Examining the Purchase of Local Food and Knowledge of Environmental Sustainability in Adult Low-Income Nutrition Education Program Participants in Pinal County, Arizona
PublisherThe University of Arizona.
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AbstractThe USDA Economic Research Service shows that 17.7% of Pinal County residents are living in poverty. Pinal County Cooperative Extension offers a Supplemental Nutrition Assistance Program (SNAP) and an Expanded Food and Nutrition Education Program (EFNEP) to low-income residents. Through their nutrition education programs, they encourage participants to purchase fresh foods from different locations. Typically, locally grown or locally produced foods are much fresher than imported foods. Local food also preserves open space, reduces food miles, and can support a more diverse and sustainable environment. Research shows that when shopping for their groceries, low-income consumers tend to shop at discount centers and supercenters where prices are lower than alternative locations. Research also shows that low-income SNAP participants who shop at discount centers and supercenters purchase less fresh foods than SNAP participants who shop at alternative locations. This study was created to answer the question, "How does knowledge of environment sustainability affect the purchase of local food in low-income consumers participating in nutrition education programs in Pinal County, Arizona?". The results of surveys suggested there is an association between the behavior of buying locally grown food and a participant's knowledge of environmental sustainability.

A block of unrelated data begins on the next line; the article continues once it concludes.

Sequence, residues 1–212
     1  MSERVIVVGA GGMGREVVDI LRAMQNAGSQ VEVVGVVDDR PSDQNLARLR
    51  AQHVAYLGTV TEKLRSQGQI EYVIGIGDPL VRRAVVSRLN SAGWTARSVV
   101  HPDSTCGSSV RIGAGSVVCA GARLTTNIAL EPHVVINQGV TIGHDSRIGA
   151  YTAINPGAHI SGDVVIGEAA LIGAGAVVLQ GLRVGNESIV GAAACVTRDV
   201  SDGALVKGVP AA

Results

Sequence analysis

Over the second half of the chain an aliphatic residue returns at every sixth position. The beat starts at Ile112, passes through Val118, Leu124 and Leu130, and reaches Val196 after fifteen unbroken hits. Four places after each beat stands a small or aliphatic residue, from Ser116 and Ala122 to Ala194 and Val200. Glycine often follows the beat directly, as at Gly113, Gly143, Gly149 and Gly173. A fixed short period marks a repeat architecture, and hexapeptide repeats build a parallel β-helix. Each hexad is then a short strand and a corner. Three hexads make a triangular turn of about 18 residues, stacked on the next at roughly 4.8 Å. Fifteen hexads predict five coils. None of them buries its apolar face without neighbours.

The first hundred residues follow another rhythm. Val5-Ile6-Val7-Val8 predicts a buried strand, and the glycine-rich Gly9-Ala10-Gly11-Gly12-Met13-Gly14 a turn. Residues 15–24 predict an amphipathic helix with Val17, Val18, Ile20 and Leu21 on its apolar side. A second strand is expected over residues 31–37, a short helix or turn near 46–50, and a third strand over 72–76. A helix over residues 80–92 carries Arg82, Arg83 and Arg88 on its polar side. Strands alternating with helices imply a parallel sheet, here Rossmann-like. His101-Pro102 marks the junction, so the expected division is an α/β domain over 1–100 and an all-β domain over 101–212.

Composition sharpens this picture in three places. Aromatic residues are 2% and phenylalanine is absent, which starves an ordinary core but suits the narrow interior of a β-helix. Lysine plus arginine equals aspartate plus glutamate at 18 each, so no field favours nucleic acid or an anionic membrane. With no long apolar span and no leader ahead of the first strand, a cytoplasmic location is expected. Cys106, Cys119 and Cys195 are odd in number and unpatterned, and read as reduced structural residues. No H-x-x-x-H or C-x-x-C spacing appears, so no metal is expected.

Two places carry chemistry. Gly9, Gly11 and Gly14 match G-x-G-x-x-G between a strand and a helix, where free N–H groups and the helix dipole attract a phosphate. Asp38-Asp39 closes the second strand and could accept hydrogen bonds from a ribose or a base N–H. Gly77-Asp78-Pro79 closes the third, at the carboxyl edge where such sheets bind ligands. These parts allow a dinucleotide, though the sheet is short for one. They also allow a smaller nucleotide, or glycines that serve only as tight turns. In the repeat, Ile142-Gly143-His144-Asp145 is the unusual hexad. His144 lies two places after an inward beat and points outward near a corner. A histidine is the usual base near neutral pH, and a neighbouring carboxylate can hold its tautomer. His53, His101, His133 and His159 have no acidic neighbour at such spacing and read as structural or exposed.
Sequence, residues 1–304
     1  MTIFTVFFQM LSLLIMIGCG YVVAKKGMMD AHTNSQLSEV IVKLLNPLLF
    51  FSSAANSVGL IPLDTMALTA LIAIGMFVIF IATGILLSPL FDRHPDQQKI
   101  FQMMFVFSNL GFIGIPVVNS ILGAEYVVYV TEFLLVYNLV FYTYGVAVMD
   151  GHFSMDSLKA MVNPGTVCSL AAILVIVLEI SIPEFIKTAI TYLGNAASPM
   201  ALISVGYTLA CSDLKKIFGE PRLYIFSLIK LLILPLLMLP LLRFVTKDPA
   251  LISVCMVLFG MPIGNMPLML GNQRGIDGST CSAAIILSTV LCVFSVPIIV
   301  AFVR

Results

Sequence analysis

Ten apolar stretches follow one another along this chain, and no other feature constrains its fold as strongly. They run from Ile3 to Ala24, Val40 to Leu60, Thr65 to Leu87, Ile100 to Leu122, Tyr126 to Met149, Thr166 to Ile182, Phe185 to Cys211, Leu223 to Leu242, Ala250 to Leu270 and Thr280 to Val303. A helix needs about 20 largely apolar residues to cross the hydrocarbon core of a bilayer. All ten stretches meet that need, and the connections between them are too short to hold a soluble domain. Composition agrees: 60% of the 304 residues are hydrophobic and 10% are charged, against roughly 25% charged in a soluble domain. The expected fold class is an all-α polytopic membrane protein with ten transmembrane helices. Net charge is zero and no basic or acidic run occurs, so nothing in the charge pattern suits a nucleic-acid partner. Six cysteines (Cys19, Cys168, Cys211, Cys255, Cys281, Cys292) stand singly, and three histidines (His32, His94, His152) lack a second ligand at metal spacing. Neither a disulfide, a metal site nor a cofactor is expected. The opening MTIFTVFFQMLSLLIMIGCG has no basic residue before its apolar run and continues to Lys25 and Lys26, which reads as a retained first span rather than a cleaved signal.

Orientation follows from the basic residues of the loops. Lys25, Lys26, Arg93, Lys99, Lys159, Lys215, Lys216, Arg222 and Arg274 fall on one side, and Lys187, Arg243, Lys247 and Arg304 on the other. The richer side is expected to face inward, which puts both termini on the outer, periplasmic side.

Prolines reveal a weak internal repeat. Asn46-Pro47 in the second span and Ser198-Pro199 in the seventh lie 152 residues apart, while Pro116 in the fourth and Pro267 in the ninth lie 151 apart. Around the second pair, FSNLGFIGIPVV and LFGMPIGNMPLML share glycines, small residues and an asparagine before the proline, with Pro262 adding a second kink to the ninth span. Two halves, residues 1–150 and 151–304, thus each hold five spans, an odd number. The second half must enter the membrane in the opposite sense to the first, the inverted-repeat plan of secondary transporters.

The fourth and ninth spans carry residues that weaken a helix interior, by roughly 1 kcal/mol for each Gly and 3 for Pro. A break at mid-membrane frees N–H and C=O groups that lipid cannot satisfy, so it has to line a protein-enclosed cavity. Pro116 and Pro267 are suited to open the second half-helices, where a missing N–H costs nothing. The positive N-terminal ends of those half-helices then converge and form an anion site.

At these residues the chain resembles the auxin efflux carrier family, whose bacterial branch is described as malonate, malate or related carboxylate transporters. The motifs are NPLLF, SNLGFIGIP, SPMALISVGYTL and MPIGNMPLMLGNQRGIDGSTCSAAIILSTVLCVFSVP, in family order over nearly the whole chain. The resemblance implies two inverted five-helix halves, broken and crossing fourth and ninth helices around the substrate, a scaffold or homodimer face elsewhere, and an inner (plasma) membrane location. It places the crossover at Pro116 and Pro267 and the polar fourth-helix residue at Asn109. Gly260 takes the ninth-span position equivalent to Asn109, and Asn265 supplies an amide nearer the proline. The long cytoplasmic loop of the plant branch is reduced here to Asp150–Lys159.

Degree ProgramHonors College